Diversity message part of basketball game at Grayslake North
An entertaining overtime basketball game between special-needs students was part of a message about diversity and inclusiveness delivered Friday at Grayslake North High School.
Roughly 1,500 students and others packed the stands for the contest between basketball Special Olympians from Grayslake North and Central and students who have graduated from Gurnee's Warren Township High School, but remain there in a transition program as they work toward independence before turning 22.
Among those in attendance was Jenny Simpson, a Special Recreation Services of Northern Lake County program supervisor for the Round Lake Area Park District. She said she hopes other Lake County high schools mimic the interscholastic game between the Grayslake and Warren special-needs students that began in 2016.
"This is their chance to shine," Simpson said. "They should have the same sort of high school experience that anybody else has."
Warren social worker Beth Eberline, who assisted on the bench, said the Blue Devils were excited to participate in Friday morning's game for the second consecutive year.
"We would like to be invited back every year," Eberline said. "Hopefully, that'll be the case."
Cheerleaders, a dance team, pep band and other trappings expected in a high school basketball game were part of Friday's event. Grayslake's Bradley "The Mailman" Bohlman won it with two baskets in a 1-minute overtime the crowd demanded after it briefly appeared the game would be called a tie after four quarters.
"I noticed my team was struggling a little bit, so I came back and helped them," Bohlman said after his team's 26-22 win. "Whenever my team is struggling, the Mailman will always be there to save them."
Grayslake's Jesse Schopen said Bohlman is a smart player who communicates well on the court.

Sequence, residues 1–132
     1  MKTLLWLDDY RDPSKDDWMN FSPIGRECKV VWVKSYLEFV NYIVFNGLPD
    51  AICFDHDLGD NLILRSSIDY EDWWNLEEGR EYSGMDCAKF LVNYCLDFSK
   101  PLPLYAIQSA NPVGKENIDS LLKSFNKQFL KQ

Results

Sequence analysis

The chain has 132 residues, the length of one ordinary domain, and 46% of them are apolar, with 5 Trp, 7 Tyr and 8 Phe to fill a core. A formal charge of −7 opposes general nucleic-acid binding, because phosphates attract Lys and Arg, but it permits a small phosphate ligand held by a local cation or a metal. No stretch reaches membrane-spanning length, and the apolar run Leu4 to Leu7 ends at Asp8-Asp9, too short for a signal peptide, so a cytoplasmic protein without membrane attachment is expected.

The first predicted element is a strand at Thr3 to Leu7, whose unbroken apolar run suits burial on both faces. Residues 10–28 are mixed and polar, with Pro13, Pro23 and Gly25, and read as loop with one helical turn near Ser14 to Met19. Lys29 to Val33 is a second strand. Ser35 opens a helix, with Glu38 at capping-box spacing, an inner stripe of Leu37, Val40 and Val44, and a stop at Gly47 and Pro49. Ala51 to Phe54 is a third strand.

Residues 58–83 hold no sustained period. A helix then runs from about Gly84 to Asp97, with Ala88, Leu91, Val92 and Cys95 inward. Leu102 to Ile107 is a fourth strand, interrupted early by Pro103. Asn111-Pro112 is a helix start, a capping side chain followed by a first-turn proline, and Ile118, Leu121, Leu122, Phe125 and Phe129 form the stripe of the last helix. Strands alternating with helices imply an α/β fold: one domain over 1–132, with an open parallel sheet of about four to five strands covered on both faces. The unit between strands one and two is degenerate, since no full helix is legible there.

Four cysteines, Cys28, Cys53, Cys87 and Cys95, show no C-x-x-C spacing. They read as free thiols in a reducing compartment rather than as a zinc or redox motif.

"He's awesome," Schopen said. "He plays hard. He knows what to do."
Standing at center court at halftime, Grayslake North student council President Stephanie Johnson spoke to the crowd about the need for inclusiveness and celebrating diversity. With some players in a circle holding a multicolored paper chain near her, Johnson said words can be harmful and that some students have "felt unwelcome lately."
"What someone may think is funny or harmless may really hurt someone else or make them feel like people don't want them here," Johnson said. "We can't do that to each other. This (basketball game), right here, and this assembly is who we are. Not that ugly stuff."
Similar to last year, the fans and players danced on the court after the game. In addition, retiring Grayslake High School District 127 Superintendent Catherine Finger received flowers as part of a postgame recognition for her.
Grayslake North student activities director Molly Tomlinson said she believes there is enough administrative support for the special-needs game to return for 2018.
"We celebrated diversity today," Tomlinson said, "and it was wonderful."